0
RESEARCH PAPERS

The Effect of Surface Motion on Forced Convection Film Boiling Heat Transfer

[+] Author and Article Information
D. A. Zumbrunnen, R. Viskanta, F. P. Incropera

Heat Transfer Laboratory, School of Mechanical Engineering, Purdue University, West Lafayette, IN 47907

J. Heat Transfer 111(3), 760-766 (Aug 01, 1989) (7 pages) doi:10.1115/1.3250748 History: Received May 10, 1988; Online October 20, 2009

Abstract

The growth in demand for high-quality metallic alloys has placed greater emphasis on the predictability of cooling methods used in manufacturing processes. Several methods involve forced convection film boiling, which can occur on metallic strips or plates cooled by water jet impingement or on strips inside cooling jackets of continuous annealing processes. Since surface temperatures are typically well above the boiling point of water, a substantial portion of the surface area can involve film boiling. The strip or plate speed often exceeds the water velocities and strongly influences boundary layer development in the vapor and liquid. The purpose of this paper is to estimate the effect of plate motion on heat transfer in the film boiling regime. Conservation equations for mass, momentum, and energy have been solved by the integral method for film boiling in forced convection boundary layer flow on a flat isothermal plate in motion parallel to the flow direction. Unlike previous studies, which have shown that heat transfer is chiefly governed by the plate and subcooled liquid temperatures, heat transfer is shown to also depend on the plate velocity. For large velocities, the importance of radiation heat transfer across the vapor layer is reduced. However, when the velocities of the plate and liquid are oppositely directed and of nearly equal magnitude, radiation across the vapor layer can become significant, even at low plate temperatures.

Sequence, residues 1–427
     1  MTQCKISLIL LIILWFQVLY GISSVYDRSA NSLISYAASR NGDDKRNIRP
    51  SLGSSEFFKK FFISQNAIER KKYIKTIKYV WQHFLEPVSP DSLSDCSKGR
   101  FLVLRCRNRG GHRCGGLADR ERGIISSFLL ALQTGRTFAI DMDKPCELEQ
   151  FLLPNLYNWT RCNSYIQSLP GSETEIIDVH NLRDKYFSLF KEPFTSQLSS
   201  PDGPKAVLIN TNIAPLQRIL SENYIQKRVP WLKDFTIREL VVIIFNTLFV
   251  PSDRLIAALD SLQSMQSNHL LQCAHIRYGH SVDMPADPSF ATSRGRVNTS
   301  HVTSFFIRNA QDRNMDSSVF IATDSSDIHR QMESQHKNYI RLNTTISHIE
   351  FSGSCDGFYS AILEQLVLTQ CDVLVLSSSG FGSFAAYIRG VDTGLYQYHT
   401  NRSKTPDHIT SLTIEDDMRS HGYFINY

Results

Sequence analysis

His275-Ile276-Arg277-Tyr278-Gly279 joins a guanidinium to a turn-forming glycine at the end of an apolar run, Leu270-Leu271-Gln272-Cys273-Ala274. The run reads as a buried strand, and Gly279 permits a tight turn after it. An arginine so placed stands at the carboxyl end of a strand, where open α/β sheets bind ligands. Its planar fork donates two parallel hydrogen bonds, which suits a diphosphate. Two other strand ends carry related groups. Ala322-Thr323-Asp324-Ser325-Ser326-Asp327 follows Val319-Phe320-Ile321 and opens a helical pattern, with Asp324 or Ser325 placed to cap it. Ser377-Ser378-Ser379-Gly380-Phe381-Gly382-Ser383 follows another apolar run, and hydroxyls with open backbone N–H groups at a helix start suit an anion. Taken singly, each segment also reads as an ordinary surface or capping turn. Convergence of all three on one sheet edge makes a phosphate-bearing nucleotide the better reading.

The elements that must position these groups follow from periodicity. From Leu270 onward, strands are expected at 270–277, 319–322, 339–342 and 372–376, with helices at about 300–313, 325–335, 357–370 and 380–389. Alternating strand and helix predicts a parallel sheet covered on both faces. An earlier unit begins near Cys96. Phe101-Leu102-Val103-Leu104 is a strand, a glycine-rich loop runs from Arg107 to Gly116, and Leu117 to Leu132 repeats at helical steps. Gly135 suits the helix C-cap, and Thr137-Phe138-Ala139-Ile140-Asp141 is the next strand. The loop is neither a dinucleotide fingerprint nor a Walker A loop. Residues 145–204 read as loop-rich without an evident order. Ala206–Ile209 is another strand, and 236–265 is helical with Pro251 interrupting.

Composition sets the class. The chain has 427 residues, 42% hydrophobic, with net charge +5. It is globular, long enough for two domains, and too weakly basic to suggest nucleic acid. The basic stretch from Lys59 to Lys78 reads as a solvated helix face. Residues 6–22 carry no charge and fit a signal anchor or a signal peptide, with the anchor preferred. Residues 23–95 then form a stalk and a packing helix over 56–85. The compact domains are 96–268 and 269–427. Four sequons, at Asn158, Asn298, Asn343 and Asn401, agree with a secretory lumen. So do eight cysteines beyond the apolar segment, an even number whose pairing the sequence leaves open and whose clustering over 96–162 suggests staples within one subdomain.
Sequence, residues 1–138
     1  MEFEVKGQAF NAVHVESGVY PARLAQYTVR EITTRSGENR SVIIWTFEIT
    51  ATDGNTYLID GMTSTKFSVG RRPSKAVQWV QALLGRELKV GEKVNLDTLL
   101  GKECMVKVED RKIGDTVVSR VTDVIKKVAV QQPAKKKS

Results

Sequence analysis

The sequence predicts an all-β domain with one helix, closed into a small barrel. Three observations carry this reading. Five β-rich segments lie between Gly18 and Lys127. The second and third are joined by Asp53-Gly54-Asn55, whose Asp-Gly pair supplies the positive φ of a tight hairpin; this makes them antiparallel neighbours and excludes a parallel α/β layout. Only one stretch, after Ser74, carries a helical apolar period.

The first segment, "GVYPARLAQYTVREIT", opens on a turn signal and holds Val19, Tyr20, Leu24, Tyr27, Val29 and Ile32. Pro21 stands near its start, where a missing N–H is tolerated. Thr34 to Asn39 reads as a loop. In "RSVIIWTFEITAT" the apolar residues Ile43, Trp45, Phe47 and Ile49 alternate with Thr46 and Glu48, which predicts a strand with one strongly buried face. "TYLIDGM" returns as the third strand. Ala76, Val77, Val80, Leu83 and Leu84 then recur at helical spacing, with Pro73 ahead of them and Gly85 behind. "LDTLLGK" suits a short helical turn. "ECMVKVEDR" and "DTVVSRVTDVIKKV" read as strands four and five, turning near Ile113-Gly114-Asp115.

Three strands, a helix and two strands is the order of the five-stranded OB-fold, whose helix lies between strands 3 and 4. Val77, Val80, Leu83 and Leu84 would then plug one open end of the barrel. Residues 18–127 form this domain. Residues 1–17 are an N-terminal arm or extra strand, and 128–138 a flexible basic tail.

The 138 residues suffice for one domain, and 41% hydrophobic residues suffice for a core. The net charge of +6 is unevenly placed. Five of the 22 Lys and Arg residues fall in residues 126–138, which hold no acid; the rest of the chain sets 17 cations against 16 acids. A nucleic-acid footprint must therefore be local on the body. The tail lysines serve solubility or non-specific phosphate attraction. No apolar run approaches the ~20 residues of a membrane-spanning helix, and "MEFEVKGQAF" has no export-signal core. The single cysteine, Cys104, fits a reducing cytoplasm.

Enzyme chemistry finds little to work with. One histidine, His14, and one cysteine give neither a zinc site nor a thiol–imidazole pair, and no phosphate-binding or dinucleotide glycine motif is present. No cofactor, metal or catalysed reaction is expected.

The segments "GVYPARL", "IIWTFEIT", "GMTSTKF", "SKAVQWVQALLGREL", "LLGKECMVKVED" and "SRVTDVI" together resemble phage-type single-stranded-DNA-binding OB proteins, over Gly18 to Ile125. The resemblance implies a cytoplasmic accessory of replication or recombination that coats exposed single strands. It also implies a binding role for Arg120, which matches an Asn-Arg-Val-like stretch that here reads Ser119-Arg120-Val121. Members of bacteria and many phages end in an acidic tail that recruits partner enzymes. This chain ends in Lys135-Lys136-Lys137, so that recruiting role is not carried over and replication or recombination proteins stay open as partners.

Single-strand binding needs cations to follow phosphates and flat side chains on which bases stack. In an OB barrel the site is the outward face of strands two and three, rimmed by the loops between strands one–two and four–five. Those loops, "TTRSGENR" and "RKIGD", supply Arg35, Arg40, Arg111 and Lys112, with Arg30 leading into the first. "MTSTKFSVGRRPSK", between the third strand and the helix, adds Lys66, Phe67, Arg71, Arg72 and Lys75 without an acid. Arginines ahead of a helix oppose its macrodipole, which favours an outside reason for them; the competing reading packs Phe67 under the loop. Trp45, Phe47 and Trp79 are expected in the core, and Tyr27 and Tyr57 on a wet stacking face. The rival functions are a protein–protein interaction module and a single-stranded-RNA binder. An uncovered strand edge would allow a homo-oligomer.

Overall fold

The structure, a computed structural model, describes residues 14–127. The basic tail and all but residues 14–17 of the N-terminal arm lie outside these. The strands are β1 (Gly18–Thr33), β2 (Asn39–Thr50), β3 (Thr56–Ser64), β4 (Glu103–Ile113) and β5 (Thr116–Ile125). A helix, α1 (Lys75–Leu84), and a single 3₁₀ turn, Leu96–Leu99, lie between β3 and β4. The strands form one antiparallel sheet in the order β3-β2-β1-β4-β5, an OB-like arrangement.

Copyright © 1989 by ASME
Your Session has timed out. Please sign back in to continue.

References

Figures

Tables

Errata

Discussions

Some tools below are only available to our subscribers or users with an online account.

Related Content

Customize your page view by dragging and repositioning the boxes below.

Related Journal Articles
Related eBook Content
Topic Collections

Sorry! You do not have access to this content. For assistance or to subscribe, please contact us:

  • TELEPHONE: 1-800-843-2763 (Toll-free in the USA)
  • EMAIL: asmedigitalcollection@asme.org
Sign In